Don't lament the sale of homegrown businesses – they are a sign of success for Britain's burgeoning tech sector

Lynsey Barber
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Travellers, from Scotland to Shanghai, are impressed by Skyscanner (Source: Getty)

In business, a good exit is a good exit – regardless of whether the sale is to a foreign company.

The acquisition of one of the UK’s tech unicorns by China’s Ctrip is another win for the country’s technology industry and the latest signal that investing in UK tech pays off. It’s also a much needed beacon of light amid the Brexit turbulence.

Innovative companies break down national barriers more than any other: a good idea and a product consumers want are as relevant in China as they are in Scotland, where Skyscanner was born.

Critics suggest we should be building our own Google or Facebook (both of which are investing heavily in the UK right now) but some people forget that Silicon Valley came out of a particular set of skills and circumstances. We shouldn’t chase the coat tails of something with a decades-long head start on us.

Read more: Skyscanner's biggest shareholder gives views on the deal

Instead, we should be doing it our own way. Politicians may express regret when the UK can no longer claim ownership over something born on its shores, but does it matter who ends up owning a company? Listed firms don’t come with a homegrown hallmark while a sale, to a foreign buyer or otherwise, is good for both investors and founders.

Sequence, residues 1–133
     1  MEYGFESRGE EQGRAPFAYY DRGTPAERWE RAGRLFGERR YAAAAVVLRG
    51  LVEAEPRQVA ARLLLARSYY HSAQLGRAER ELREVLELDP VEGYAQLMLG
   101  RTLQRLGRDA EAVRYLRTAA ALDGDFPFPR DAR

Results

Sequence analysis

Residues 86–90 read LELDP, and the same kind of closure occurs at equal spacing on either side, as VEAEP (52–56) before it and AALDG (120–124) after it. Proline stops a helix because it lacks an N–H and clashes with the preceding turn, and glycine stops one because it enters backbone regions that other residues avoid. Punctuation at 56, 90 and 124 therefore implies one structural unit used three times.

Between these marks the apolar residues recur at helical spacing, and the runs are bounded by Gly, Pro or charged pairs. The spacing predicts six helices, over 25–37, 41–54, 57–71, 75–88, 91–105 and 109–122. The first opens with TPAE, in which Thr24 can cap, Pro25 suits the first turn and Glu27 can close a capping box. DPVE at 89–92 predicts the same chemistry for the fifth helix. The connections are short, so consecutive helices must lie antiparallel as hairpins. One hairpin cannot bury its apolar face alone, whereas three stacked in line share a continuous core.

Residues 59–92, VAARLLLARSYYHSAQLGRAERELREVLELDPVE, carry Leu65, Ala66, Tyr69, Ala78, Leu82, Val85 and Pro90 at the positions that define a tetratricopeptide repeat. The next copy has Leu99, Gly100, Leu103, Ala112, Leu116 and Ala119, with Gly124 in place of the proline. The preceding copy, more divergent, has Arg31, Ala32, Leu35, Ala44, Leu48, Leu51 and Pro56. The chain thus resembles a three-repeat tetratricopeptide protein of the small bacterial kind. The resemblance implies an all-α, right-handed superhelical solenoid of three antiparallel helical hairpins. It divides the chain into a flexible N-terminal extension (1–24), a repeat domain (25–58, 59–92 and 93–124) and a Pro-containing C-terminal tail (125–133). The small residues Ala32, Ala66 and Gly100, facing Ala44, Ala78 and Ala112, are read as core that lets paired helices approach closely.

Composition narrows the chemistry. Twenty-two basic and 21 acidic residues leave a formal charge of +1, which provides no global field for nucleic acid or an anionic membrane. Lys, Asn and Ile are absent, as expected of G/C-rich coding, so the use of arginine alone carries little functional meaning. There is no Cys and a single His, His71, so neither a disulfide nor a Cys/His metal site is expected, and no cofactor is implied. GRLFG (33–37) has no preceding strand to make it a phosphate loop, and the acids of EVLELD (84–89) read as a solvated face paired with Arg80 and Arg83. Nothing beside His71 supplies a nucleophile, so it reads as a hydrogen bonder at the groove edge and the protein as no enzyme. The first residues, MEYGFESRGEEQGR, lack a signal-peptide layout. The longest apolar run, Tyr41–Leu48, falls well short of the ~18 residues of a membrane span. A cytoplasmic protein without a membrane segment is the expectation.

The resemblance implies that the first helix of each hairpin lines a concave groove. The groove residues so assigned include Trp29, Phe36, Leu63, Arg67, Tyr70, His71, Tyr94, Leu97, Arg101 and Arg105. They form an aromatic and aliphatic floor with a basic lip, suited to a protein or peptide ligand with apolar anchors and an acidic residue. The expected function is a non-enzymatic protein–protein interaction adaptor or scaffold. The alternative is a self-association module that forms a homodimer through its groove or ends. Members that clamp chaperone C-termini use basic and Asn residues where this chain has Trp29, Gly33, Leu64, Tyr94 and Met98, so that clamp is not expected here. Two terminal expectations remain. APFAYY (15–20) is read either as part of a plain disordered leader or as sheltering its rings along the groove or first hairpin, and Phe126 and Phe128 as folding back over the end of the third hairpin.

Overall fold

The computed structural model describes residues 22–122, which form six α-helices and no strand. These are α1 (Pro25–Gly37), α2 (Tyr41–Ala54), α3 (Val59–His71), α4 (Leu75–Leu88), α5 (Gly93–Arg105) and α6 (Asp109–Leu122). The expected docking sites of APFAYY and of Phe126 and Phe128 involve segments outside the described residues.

Wins like Skyscanner’s go a long way toward building the tech ecosystem, and founders are often serial entrepreneurs. They may only be on their first company, and will often go on to do bigger things. Whether it’s Skyscanner, DeepMind (acquired by Google), Swiftkey (Microsoft) or Magic Pony (Twitter), acquisition is a mark of what UK tech has been working towards – creating a world class industry that’s gaining attention from the top players.

Britain has the talent, the ideas and the right environment and successful exits serve as evidence of this. There is a case that the sector would benefit from more patient capital, and the government is right to look at ways of encouraging it. But it should not lament the buying up of our homegrown stars. Indeed, it should listen to the concerns of the tech sector, particularly around access to talent, and work to ensure more companies can launch, grow and succeed.

Billion-pound acquisitions are something we should wear as a badge of honour, and may well serve as the building blocks of our own Silicon Valley. Sky-high ambition is to be encouraged. Often, it pays off. Just ask Skyscanner.

City A.M.'s opinion pages are a place for thought-provoking views and debate. These views are not necessarily shared by City A.M.

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